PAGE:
Bluestem grass, as high as a horse's back, covered the prairie when Lewis Warren and his family came to Shell Creek Valley. He told of planting his first sod corn with an ax. When Sioux Indians killed some of his cattle, the settlers asked that soldiers help protect the families in the area.
Warren's son, Newman, helped plant a large grove of cottonwood trees on their timber claim. After Newman's death at age 21, his father was instrumental in naming the post office, established in 1874, "Newman Grove." Located near that grove of trees, it was housed in the stage station on the mail route from Columbus to Oakdale.
The coming of the Fremont, Elkhorn & Missouri Valley Railroad in 1887 presented an opportunity for a town, complete with stores, businesses, and all that transportation could mean for the area. The Western Townlot Company, formed by pioneers, Pike, Searle, Burrows, Hale, and Bordwell, platted the town. Five streets carry their names.
Early settlers came from a variety of eastern states as well as Scotland, Denmark, Germany, Czechoslovakia, and Russia, with the majority coming from Norway and Sweden. They established schools and churches almost before their homes were completed. These institutions continue to be important today.
The town continued a steady growth, with nearly 300 people by 1888. The Arcade and Commercial hotels provided rooms for travelers and salesmen, and were known for their fine dining rooms.
For many years Newman Grove was "the place to be" on the 4th of July. Passenger trains brought people from neighboring communities, and everyone within a 40-mile radius came to the celebration. The military band opened the festivities. The Declaration of Independence was read, political speeches were given, and there were contests for young and old, floats, and fireworks.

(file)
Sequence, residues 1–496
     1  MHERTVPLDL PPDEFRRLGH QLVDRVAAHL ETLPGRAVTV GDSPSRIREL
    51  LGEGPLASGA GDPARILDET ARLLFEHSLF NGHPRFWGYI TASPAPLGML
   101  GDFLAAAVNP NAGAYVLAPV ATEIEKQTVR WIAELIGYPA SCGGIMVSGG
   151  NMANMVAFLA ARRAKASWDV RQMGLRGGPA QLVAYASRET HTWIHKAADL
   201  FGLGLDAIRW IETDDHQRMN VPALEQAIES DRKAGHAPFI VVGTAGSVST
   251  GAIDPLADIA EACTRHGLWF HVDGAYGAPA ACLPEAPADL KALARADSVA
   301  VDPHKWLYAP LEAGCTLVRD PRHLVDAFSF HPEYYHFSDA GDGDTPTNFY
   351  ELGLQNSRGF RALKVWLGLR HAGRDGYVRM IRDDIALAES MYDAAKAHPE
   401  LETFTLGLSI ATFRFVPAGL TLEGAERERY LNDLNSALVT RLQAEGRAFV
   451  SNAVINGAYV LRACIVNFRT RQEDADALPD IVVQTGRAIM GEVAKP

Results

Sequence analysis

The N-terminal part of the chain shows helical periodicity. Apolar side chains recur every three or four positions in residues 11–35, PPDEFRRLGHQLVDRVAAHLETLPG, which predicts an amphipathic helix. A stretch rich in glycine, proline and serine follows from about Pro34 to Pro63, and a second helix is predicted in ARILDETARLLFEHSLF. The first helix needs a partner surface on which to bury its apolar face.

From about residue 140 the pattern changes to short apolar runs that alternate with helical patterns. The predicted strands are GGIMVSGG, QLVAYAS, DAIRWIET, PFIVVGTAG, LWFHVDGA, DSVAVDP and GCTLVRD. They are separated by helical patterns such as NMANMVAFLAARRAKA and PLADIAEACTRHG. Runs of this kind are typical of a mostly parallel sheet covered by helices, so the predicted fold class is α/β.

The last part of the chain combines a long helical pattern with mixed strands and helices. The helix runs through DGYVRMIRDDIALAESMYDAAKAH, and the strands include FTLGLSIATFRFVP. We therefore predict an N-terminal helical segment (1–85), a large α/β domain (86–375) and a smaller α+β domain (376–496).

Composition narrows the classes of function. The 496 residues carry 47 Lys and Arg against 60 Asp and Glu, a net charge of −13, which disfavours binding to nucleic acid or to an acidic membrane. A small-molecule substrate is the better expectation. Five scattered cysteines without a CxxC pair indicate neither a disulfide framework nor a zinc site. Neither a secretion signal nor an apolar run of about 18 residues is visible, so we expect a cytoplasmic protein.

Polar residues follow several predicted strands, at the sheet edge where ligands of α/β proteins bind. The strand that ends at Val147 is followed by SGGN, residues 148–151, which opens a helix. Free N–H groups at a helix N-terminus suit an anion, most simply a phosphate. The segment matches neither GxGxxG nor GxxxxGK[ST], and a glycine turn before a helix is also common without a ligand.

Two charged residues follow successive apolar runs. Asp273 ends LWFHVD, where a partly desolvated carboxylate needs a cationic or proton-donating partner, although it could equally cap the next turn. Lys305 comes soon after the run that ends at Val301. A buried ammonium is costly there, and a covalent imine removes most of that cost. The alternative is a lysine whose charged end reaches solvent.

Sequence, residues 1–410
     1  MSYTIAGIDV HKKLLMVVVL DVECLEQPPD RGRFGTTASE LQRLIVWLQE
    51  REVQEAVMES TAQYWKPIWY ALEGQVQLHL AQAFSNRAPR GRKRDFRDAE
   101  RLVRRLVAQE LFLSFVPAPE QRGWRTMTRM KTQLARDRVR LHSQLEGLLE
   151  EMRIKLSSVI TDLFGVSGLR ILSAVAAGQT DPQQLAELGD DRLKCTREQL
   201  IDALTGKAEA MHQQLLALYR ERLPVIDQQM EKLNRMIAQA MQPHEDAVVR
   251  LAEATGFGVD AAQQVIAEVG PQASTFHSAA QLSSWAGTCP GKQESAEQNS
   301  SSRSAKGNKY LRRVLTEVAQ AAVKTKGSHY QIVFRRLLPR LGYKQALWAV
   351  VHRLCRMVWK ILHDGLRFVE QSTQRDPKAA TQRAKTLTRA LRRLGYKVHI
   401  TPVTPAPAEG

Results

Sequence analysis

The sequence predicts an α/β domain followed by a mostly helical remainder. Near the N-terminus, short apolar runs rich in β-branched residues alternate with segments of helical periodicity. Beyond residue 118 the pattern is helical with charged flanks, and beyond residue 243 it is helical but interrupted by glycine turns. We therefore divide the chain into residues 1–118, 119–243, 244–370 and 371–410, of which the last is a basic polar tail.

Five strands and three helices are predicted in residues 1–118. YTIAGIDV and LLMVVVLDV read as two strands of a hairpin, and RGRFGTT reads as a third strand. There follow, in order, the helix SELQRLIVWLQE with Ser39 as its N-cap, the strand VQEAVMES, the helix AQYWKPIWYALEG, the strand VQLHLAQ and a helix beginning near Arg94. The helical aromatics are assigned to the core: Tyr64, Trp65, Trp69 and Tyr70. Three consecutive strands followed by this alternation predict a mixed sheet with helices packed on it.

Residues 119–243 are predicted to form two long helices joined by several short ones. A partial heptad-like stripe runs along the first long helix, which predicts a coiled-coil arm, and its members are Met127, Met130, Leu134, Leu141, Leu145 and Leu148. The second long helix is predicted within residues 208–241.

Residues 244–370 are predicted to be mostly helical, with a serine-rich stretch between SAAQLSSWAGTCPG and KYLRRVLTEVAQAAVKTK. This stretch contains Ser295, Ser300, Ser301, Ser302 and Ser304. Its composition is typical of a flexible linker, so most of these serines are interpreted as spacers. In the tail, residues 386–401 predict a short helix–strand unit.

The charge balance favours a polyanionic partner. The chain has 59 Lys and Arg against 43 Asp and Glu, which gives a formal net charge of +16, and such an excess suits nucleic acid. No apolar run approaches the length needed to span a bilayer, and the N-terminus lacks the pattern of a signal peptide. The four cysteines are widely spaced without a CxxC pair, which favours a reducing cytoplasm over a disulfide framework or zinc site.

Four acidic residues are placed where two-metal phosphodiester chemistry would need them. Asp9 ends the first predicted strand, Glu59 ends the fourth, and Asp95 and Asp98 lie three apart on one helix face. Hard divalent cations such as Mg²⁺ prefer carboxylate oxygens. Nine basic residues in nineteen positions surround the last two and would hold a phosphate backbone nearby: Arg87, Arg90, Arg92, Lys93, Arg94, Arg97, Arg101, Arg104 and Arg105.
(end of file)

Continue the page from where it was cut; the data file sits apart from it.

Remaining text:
In the 1890s water power for a roller mill was supplied by a dam on Shell Creek. "The New Era," the first and only newspaper, was published by H.R. Ellsworth, and businessmen included: Searles, Dimock, Olson, Young, Anderson, Smith, Saare, Guenther, Lind, From, Ninman, Randall, South, Gustavson, and Johnson.
Thomas Ostergaard established a park at Shell Creek, with an area for swimming, fishing, and picnics. Known later as part of Acorn Valley, the trees are still very beautiful.
The population was an all-time high, 1,260, in 1920. This was reflected by the number of businesses, paved streets, sidewalks, and electric street lights, supplied by Nebraska Gas & Electric Company.
During the Depression and drought, people continued to "pioneer," trying to find new ways to keep their homes and land. It was not an easy task. After World War II, farms became larger, so the population decreased.
In 1974 the Newman Grove hospital, no longer able to meet the demands of state requirements and Medicare, had to close. It is now a fine medical clinic. Loss of the local creamery and a tire assembly plant, plus a decline in employment at a nearby factory made fewer jobs available. This caused further erosion of the population, currently estimated to be 980.
Over the years there have been activities, such as the annual "Free Fair," and later, Customer Appreciation Days. Since 1975, when Newman Grove was declared "Norwegian Capital of Nebraska," the annual summer celebration is Norwegian Days.
Newman Grove's centennial, held in 1988, focused on the creation of a new mini-park that includes a mural of early businesses, and a band stand resembling one used in early-days. A marker was dedicated, a time capsule buried, a cook book published, and a pageant of the first 100 years was presented. The event was capped off with a parade, contests, and a quilt show.
The history book recalls stories of early settlers seeing as many as 1,000 Indians camped not far from town, on their way to Oklahoma. Others remembered seeing thousands of long-horn cattle pass through the Shell Creek Valley, driven by "wild cowboys." These stories and more are the heritage we leave to new generations of young people who now call Newman Grove "home."
By LaVern Welburn, 210 North 5th Street, Newman Grove, NE 68758
ADDITIONAL MATERIAL: Our First One Hundred Years, 1888-1988, the centennial history, LaVern Welburn, chairman.